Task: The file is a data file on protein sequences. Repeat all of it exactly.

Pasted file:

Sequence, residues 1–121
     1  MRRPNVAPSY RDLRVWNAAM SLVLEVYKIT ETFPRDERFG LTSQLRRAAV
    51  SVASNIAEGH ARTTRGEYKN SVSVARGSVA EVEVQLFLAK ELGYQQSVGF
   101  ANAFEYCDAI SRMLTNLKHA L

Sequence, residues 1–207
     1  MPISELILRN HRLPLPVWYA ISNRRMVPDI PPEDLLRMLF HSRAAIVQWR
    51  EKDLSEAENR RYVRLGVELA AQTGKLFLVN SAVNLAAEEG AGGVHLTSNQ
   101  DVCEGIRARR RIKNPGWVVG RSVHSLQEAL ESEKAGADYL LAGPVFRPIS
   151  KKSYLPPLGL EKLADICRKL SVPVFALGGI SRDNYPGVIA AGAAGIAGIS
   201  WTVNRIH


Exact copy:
Sequence, residues 1–121
     1  MRRPNVAPSY RDLRVWNAAM SLVLEVYKIT ETFPRDERFG LTSQLRRAAV
    51  SVASNIAEGH ARTTRGEYKN SVSVARGSVA EVEVQLFLAK ELGYQQSVGF
   101  ANAFEYCDAI SRMLTNLKHA L

Sequence, residues 1–207
     1  MPISELILRN HRLPLPVWYA ISNRRMVPDI PPEDLLRMLF HSRAAIVQWR
    51  EKDLSEAENR RYVRLGVELA AQTGKLFLVN SAVNLAAEEG AGGVHLTSNQ
   101  DVCEGIRARR RIKNPGWVVG RSVHSLQEAL ESEKAGADYL LAGPVFRPIS
   151  KKSYLPPLGL EKLADICRKL SVPVFALGGI SRDNYPGVIA AGAAGIAGIS
   201  WTVNRIH